“Each one had six wings.  With two he covered his face.  With two they covered his feet.  With two he flew” (v. 2b).  As noted in verse 1b above, people were not usually allowed to see God and live.  The seraphim cover their faces to protect them from seeing God.  “Covered their feet” is probably a euphemism for covering their nakedness.

“One called to another,” (v. 3a).  This suggests antiphonal choirs, where one choir sings a phrase from one part of the sanctuary and another choir sings a response from another part.  Just imagine several choirs of perfect voices, positioned throughout an acoustically perfect temple, singing antiphonally.  Each response would come from a new direction and would complement the earlier song rather than copying it.  The effect would be rich and beautiful—almost beyond a person’s ability to absorb.

“and said, ‘Holy, holy, holy, is Yahweh of Armies!  The whole earth is full of his glory!'” (v. 3b).  The Hebrew language depends on repetition for emphasis, and this threefold repetition depicts the epitome of holiness.  The author of the book of Revelation uses this same image and thrice-holy formula (Revelation 4:8).

These are the words of the song sung by the seraphim choirs—a hymn of praise—a tribute to God’s holiness and glory.  God’s holiness is an inherent part of his being.  God’s glory is the visible manifestation of his magnificent presence.  Holiness and glory are often linked in Old Testament descriptions of God.

“The foundations of the thresholds shook at the voice of him who called, and the house was filled with smoke” (v. 4).  The seraphim sing so loudly that the doors of the temple shake.  The temple is also filled with smoke from incense (Exodus 25:6, 29; 30:1, 7, 27, etc.) and/or burnt sacrifices.  The smoke and violent shaking are reminiscent of Moses’ encounter with Yahweh at Mount Sinai (Exodus 19:18).


5Then I said, “Woe is me! For I am undone, because I am a man of unclean lips, and I dwell in the midst of a people of unclean lips: for my eyes have seen the King, Yahweh of Armies!”

6Then one of the seraphim flew to me, having a live coal in his hand, which he had taken with the tongs from off the altar. 7He touched my mouth with it, and said, “Behold, this has touched your lips; and your iniquity is taken away, and your sin forgiven.”

“Then I said, ‘Woe is me! For I am undone, because I am a man of unclean lips, and I dwell in the midst of a people of unclean lips: for my eyes have seen the King, Yahweh of Armies!'” (v. 5).  Isaiah speaks, confessing his guilt.  As noted above, he has railed for five chapters against his sinful nation and its people.  He has used graphic language to describe their guilt and the judgment that they should anticipate.  Now, in the presence of the Almighty, he is overwhelmed by his own guilt.  In the presence of Yahweh’s holiness, he is struck by his own unholiness.  He sees that, like the other citizens of Judah, he too is guilty—that he, too, is deserving of judgment.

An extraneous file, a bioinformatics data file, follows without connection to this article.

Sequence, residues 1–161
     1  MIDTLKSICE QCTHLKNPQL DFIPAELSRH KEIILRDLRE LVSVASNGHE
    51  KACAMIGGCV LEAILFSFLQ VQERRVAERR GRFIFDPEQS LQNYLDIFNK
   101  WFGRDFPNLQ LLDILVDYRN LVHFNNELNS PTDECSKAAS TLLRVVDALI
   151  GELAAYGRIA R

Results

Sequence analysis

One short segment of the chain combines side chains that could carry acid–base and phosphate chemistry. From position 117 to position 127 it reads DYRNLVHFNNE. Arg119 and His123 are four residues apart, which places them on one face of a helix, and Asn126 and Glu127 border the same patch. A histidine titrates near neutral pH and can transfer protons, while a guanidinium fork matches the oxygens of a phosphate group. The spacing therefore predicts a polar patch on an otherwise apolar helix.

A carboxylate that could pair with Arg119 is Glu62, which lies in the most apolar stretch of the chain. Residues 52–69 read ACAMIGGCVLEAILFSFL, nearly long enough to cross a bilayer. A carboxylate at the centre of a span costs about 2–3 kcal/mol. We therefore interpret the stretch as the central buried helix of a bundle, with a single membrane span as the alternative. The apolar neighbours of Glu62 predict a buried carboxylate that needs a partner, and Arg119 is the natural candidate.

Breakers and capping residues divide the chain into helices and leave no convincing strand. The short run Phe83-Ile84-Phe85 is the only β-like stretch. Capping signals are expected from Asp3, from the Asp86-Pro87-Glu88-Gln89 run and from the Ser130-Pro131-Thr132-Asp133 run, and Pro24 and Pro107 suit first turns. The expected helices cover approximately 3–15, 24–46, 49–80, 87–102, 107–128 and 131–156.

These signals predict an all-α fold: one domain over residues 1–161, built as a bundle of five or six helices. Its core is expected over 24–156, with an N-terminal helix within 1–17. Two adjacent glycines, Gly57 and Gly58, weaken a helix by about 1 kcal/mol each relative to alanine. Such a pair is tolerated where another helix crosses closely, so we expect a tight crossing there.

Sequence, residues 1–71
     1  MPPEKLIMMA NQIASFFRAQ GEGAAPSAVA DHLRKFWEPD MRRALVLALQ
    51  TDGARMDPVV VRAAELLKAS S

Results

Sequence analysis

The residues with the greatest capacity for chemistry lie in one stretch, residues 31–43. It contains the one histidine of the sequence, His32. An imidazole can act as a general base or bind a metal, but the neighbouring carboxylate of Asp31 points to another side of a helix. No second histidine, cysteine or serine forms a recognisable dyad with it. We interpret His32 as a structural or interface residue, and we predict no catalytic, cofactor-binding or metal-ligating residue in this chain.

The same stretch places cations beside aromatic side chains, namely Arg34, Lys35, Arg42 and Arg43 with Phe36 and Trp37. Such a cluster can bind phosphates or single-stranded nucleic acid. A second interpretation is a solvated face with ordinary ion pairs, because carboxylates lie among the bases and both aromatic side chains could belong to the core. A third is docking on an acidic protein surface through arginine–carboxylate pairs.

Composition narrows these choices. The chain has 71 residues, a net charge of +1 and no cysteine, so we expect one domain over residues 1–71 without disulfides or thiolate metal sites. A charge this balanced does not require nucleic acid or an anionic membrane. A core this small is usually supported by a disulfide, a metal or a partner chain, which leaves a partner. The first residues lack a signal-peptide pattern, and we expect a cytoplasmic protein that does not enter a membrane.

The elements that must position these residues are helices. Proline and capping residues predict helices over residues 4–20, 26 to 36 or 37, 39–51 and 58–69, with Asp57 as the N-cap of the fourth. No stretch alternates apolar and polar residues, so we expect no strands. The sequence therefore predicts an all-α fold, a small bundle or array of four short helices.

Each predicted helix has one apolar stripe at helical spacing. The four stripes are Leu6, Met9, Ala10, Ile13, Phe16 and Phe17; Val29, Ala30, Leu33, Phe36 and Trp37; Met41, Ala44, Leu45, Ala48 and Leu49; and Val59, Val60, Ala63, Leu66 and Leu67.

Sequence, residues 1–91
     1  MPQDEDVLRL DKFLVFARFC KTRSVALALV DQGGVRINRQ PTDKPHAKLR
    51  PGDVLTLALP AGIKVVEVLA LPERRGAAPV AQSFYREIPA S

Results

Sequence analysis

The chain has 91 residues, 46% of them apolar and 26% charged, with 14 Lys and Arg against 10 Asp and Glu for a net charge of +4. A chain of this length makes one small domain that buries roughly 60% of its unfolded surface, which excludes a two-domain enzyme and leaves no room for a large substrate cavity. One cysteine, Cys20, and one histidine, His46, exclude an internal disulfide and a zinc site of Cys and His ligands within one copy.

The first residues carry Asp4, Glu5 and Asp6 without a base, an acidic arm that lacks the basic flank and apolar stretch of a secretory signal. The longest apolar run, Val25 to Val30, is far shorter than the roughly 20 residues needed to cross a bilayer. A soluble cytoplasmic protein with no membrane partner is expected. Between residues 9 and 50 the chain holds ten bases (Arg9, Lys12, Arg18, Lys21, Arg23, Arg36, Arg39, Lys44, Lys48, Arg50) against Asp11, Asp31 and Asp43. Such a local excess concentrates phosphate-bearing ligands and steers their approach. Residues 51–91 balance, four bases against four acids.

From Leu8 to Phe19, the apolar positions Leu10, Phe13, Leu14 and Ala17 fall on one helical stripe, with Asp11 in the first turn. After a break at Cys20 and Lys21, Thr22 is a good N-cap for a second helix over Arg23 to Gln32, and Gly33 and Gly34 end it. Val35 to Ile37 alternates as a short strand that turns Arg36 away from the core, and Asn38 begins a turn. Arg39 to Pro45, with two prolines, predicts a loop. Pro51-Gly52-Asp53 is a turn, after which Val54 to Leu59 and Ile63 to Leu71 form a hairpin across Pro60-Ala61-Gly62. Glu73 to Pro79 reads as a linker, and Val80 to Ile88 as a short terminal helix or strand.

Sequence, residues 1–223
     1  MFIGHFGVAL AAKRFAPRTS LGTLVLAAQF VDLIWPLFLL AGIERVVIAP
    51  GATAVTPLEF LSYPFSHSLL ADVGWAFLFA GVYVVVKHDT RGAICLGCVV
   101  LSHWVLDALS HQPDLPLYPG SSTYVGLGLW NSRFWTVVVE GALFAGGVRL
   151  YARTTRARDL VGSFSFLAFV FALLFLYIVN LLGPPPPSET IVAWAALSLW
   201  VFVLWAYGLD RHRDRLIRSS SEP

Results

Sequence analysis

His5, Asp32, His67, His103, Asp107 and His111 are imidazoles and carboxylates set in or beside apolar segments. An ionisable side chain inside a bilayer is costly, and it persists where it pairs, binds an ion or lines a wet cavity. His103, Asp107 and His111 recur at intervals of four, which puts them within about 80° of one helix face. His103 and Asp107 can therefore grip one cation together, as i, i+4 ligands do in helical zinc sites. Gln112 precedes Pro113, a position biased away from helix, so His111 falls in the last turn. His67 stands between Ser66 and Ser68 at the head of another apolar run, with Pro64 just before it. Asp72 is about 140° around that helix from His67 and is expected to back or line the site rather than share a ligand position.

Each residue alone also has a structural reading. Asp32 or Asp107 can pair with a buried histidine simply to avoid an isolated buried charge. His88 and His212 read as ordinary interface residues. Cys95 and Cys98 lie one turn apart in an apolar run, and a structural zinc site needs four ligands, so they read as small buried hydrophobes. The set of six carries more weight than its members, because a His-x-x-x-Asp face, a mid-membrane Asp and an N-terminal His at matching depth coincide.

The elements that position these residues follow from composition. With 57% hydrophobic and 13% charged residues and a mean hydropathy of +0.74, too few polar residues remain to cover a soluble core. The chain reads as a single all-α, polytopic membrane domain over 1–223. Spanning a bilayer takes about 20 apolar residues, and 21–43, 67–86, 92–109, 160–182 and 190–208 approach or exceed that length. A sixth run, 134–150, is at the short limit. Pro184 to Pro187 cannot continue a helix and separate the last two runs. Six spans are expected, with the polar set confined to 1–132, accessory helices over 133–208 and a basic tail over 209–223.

To gain some sense of how Isaiah felt, imagine how you would feel in the presence of a modern saint—someone like Mother Teresa.  In the presence of saintliness, most of us feel spiritually drab by comparison.  Their holiness accentuates our unholiness.  Now multiply that feeling by a thousand, and you begin to understand how Isaiah felt.  To get the full impact, multiply by infinity.

“unclean lips” seems like an odd phrase to use here.  It is not only Isaiah’s lips that are unclean, but his whole person.  Why would he speak only of unclean lips?  Jesus gives us a clue when he says, “For out of the abundance of the heart, the mouth speaks” (Matthew 12:34) and “the things that proceed out of the mouth come out of the heart” (Matthew 15:18).  The point is that unclean lips (a secondary uncleanness) express what is in an unclean heart (the root uncleanness).  Isaiah’s unclean lips give expression to his unclean heart, just as the unclean lips of the people of Judah (on whom Isaiah has been pronouncing judgment) give expression to their unclean hearts.  It is only when Isaiah finds himself in the presence of Yahweh’s holiness that he recognizes his own uncleanness.

“for my eyes have seen the King, Yahweh of Armies!” (v. 5b).  To see “the King, Yahweh of Armies,” is to die.  Isaiah must think that he is about to be incinerated on the spot.

“Then one of the seraphim flew to me, having a live coal in his hand, which he had taken with the tongs from off the altar” (v. 6).  While there is no mention of Yahweh commanding the seraph to take this action, it is clear that the seraph is doing God’s will.

While a live coal could come either from the incense altar or the sacrificial altar, the latter seems more appropriate for cleansing a person’s sins. Temple sacrifices involve blood atonement, which makes possible forgiveness of sin.

“He touched my mouth with it, and said, ‘Behold, this has touched your lips; and your iniquity is taken away, and your sin forgiven'” (v. 7).  The seraph touches Isaiah’s mouth with the live coal, burning away the uncleanness of his lips and heart.  He who was unholy is made holy.  He who was unfit to stand in God’s presence is, by the grace of God, made fit.


8 I heard the Lord’s voice, saying, “Whom shall I send, and who will go for us?”

Then I said, “Here I am. Send me!”

Isaiah has spoken, confessing his guilt.  Now God speaks, addressing the heavenly council (the seraphim and whatever other angelic host might be present).  “The throne room of God is the policy room of world government.  There is business to conduct.  There is creation to manage.  There are messages to be sent” (Bruggemann, 59-60).